When someone makes the decision to text and drive, they are not only risking their own safety, but everyone else on the road that day. They could hurt or kill other drivers, passengers, and pedestrians. If that were to happen, imagine how guilty the person on the other end of the phone would feel. Not only does the texting driver put themselves in the position to feel guilt for hurting and killing others, but the person the driver can’t seem to quit texting could now feel partially responsible for the accident. That is a heavy burden to place on someone else. Furthermore, if someone hits another person because they were texting, not only does it hurt the victim, but it hurts the victim’s family. Now that family has to deal with the grief and medical bills and emotional pain.
Now let’s flip the tables. Suppose the texter is the one that was injured in the crash, they are now seriously injured or dead because they were too distracted by a hunk of plastic to pay attention and be a responsible driver. And then, not only does the driver have to deal with the physical pain (if they even survive,) but they have to deal with the medical bills and the car damages. On top of that, they have caused their own family immeasurable amounts of grief, pain, and distress. And again, the person on the other end of the text may feel responsible for the driver’s irresponsibility. When someone is driving, they are not just risking their own safety they risk the well-being of everyone on and off the road. Texting while driving is selfish. Texting while driving is unacceptable; there are no excuses. If the conversation is really that important, a quick phone call before getting behind the wheel is faster and easier than texting anyway. A lot can happen in the few seconds it takes to read that text: unforeseen road conditions, animals crossing, a sudden traffic stop, or a turn in the road. Anything can happen when the driver’s eyes are not on the road.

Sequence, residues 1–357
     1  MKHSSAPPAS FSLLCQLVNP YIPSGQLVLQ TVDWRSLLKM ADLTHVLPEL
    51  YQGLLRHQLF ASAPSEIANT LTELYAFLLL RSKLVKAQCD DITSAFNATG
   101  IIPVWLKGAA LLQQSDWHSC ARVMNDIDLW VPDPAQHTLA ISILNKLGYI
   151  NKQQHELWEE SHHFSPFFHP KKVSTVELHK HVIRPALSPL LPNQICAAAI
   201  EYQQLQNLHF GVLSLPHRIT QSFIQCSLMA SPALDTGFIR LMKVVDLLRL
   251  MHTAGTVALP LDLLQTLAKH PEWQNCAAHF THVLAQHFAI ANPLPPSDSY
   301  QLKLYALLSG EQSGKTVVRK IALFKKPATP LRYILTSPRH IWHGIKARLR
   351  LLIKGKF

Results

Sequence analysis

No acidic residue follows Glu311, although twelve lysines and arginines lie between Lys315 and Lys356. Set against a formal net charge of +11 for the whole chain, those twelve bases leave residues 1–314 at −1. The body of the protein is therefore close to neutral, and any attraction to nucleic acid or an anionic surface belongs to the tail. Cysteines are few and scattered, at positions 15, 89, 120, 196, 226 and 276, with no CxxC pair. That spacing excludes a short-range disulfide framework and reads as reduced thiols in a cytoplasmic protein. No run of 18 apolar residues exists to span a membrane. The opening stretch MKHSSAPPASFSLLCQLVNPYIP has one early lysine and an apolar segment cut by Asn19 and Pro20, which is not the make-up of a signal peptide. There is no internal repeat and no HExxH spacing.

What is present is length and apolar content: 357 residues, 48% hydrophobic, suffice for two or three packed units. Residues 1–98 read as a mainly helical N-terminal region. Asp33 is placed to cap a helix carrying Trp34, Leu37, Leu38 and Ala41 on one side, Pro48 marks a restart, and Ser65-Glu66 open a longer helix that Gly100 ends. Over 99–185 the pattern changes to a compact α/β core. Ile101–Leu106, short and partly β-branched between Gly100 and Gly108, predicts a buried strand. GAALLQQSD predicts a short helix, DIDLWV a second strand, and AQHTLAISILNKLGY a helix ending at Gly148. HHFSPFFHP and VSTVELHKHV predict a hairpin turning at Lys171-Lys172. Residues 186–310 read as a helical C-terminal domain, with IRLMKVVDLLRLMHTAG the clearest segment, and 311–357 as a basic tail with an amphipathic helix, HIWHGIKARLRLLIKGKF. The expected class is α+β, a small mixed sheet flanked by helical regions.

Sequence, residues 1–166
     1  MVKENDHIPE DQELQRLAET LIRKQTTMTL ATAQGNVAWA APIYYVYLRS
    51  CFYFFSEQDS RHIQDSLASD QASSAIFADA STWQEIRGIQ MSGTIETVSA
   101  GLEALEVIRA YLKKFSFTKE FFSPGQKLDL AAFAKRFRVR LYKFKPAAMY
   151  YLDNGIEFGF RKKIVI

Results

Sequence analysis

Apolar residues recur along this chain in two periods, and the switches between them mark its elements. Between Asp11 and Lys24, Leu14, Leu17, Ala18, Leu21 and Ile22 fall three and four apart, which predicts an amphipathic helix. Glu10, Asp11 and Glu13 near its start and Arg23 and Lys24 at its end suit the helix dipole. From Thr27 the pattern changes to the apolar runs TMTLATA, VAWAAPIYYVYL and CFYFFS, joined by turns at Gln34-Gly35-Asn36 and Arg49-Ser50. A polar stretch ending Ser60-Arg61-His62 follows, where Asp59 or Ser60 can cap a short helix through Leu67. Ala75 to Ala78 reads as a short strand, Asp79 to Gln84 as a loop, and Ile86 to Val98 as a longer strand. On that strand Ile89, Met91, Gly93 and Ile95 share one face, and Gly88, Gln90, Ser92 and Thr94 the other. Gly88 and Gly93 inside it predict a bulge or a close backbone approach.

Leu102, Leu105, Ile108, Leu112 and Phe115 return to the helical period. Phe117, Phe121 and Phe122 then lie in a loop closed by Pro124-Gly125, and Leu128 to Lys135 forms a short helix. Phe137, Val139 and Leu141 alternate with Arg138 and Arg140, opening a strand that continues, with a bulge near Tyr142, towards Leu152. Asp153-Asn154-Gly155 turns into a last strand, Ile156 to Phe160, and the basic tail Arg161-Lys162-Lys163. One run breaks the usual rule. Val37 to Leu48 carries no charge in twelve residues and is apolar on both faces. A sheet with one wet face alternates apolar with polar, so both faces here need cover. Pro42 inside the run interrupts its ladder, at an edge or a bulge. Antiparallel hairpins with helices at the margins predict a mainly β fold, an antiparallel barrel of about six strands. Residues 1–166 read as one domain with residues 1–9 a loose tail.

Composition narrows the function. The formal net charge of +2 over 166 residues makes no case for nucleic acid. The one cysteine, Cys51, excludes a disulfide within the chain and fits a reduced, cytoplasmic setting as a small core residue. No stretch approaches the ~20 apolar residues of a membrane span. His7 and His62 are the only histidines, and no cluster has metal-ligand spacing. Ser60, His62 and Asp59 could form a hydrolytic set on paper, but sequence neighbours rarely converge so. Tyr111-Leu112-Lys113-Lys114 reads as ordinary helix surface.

The first and last time I ever attempted texting while driving was enough for me to vow never to do it again. I was on my way to a friend’s house up a canyon, turned my attention to my phone for what seemed like a millisecond, and in that time, I swerved into a row of bushes and almost ended up in someone’s yard. Luckily for me, the biggest damage done was a cracked side mirror. But like I said, that was lucky. It was in that moment that I realized it doesn’t take long to get into trouble when your attention is not on the road. Most texting while driving mishaps will not end this well. I could have crashed into an orchard or someone’s house. I could have driven off the edge of the canyon road and died. Many people, I’m sure, have done similar things because they couldn’t figure out that just because they have texted while driving before without problems does not mean it is any less dangerous. Every day is a new day with different circumstances. Any moment could be the last before disaster strikes. Why risk that disaster being your own fault and causing pain to everyone around you. Texting while driving is never safe; it is never excusable; it is never without risk. Put the phone down. It can wait.